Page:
Illustration of Apollo Spacecraft Reentry

The Fiery Return of the Apollo Missions

Portrait Of Astronaut William A. Anders
Peter Vernam
Astronaut Frank Borman
Astronaut Jim Lovell In the Command Module Simulator

How do you survive your trip home from the moon?

These days, there's so much space junk orbiting the earth—half a million pieces—that the Department of Defense monitors it with their U.S. Space Surveillance Network. The junk consists of things like spent rocket stages and broken satellites and when these chunks hit the earth's atmosphere they mostly burn up, like the world’s most reliable garbage disposal. But when the Apollo program began sending men to the moon, space engineers had to figure out a way to bring astronauts home without them frying to a crisp like space junk falling back to Earth. So how did Apollo astronauts avoid that fiery death? A whole lot of Newtonian math calculations and the Apollo Guidance Computer (AGC) to be exact.

Before the return trip to Earth, the astronauts first had to escape the moon’s weak gravity. The spacecraft's engine would burn until they reached a speed of over 5,000 mph to lift them out of lunar orbit. The Lunar Module detached and the Service Module's propulsion system then positioned the Command Module into a Trans Earth Injection (TEI), the path that lines the spacecraft up perfectly for a controlled descent into the Pacific Ocean. William Anders, an astronaut for Apollo 8, described it “like putting a letter in a letter slot in your door from 20 miles.” Not only that, but the angle in which the module hit the atmosphere had to be very precise because, according to Draper engineer Peter Vernam, “if they came in too shallow they’d skip off like a pebble on a pond or if they came in too steep they would generate too much heat and probably wouldn't survive.” Calculations were checked, double checked, and triple checked, but the fate of the astronaut crews were in the AGC’s metaphorical hands. There is nothing to slow them down so the Command Module steadily increases its velocity, until it reaches 25,000 mph—the same speed they needed when they left earth in the first place. Just before reentry, the Service Module separates and then burns up in the atmosphere while the Command Module, and the astronauts inside, begin the long fall down to Earth.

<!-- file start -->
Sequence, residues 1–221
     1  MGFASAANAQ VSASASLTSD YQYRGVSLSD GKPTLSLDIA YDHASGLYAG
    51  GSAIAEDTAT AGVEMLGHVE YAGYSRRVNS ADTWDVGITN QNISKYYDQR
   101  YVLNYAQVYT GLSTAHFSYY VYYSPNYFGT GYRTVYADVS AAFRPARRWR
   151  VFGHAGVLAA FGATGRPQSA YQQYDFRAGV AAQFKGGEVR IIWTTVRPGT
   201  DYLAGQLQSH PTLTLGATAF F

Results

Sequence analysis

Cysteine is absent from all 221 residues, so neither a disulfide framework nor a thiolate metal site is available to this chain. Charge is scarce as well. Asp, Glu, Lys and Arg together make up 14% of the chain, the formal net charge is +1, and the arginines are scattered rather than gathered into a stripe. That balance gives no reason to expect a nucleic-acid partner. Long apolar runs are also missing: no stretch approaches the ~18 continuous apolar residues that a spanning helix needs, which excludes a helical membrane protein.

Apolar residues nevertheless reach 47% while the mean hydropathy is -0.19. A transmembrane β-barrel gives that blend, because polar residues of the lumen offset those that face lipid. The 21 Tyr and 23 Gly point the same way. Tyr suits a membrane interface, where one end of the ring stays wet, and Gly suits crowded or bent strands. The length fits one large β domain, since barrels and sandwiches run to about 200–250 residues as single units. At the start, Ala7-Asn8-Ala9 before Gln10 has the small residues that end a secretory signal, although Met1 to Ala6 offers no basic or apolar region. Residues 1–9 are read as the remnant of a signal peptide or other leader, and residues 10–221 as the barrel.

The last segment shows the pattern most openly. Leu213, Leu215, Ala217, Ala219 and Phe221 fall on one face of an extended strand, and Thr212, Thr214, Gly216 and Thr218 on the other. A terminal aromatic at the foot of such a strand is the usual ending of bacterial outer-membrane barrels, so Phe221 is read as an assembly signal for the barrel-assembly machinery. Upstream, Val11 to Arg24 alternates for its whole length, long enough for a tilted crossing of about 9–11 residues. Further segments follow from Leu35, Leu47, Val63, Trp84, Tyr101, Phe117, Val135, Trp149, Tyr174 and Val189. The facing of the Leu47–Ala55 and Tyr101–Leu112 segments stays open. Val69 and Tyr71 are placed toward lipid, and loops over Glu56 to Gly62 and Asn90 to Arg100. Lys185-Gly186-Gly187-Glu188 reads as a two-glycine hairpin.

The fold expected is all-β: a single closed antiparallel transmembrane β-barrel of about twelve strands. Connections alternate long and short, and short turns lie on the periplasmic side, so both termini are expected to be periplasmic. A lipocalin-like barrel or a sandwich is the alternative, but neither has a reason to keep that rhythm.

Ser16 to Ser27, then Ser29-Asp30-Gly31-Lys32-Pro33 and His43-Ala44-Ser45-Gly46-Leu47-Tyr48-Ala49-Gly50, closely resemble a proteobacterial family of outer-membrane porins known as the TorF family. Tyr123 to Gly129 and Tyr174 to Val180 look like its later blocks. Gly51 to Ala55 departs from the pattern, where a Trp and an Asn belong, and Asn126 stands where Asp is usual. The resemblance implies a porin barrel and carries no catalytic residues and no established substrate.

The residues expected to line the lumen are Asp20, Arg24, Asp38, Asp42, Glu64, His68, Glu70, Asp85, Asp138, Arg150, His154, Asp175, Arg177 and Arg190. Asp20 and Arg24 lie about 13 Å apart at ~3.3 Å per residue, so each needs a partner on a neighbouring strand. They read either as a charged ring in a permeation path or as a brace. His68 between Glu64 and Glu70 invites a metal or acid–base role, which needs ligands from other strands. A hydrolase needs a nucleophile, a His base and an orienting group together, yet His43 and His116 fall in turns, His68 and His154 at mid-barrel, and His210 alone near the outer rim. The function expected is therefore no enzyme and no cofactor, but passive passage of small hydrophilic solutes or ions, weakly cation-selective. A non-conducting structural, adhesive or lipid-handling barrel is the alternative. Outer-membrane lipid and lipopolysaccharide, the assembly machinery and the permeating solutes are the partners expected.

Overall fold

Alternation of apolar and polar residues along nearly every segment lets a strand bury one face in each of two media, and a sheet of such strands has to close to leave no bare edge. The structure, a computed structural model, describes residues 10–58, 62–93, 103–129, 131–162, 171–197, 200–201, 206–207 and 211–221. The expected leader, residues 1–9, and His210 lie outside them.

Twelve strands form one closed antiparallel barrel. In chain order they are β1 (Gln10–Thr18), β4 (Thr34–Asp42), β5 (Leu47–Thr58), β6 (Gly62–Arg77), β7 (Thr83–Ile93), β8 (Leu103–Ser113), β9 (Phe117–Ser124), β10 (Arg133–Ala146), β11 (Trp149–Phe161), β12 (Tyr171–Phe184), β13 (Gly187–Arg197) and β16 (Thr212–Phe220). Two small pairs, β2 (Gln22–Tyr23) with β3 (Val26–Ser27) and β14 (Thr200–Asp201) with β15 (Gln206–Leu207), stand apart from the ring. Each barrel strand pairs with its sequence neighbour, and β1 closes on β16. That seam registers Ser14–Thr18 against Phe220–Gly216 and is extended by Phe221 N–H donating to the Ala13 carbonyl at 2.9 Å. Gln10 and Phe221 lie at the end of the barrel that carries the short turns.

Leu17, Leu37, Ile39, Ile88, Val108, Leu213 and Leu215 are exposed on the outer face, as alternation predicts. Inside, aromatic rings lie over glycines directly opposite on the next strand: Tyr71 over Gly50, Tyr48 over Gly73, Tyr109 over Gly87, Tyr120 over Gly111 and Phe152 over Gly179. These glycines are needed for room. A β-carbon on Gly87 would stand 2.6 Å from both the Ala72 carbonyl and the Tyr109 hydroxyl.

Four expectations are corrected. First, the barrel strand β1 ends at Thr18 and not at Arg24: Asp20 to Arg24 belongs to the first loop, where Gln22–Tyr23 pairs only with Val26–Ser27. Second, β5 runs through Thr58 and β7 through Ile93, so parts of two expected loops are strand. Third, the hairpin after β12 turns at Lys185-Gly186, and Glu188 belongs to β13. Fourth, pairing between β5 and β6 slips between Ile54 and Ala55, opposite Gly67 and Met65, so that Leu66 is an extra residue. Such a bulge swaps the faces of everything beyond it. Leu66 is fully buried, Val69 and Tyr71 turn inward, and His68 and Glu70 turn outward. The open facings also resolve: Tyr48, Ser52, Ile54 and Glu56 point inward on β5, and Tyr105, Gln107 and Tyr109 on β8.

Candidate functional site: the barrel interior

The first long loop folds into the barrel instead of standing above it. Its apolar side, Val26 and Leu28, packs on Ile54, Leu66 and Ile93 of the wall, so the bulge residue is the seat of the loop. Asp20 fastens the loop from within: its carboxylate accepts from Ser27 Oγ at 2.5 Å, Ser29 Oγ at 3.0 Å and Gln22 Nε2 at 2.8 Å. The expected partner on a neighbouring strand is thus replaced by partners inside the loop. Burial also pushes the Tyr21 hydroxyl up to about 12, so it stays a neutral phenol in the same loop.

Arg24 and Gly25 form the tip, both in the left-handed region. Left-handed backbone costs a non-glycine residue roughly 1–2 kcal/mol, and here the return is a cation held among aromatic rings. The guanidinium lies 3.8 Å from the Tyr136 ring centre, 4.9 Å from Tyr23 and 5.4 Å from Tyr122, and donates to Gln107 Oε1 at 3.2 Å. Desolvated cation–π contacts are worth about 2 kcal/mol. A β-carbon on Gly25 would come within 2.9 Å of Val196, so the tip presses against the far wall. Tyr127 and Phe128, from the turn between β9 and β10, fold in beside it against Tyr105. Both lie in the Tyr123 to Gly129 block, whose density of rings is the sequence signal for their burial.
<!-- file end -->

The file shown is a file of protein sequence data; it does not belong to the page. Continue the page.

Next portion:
During the fiery ride through the Earth's atmosphere, the spacecraft's outer shell reaches temperatures of 5,000 degrees Fahrenheit. Ablative heat shields on the outside protect the astronauts and actually melt away to intentionally to slow down the capsule. The friction acts like a braking system that helps slow the Command Module down enough that the astronauts didn't splatter like a cracked egg on the surface of the ocean. Frank Borman, an astronaut for Apollo 8, described this part of the reentry as “a massive fire display ... you can see pieces flying.” Parachutes then deployed and they drifted to the ocean at a safe speed where waiting Naval ships raced to the rescue.

Launch and reentry are the two most dangerous aspects of a space mission and, even today, things can end in catastrophe, but thanks to the hardworking engineers, the Apollo astronauts returned home safe and sound.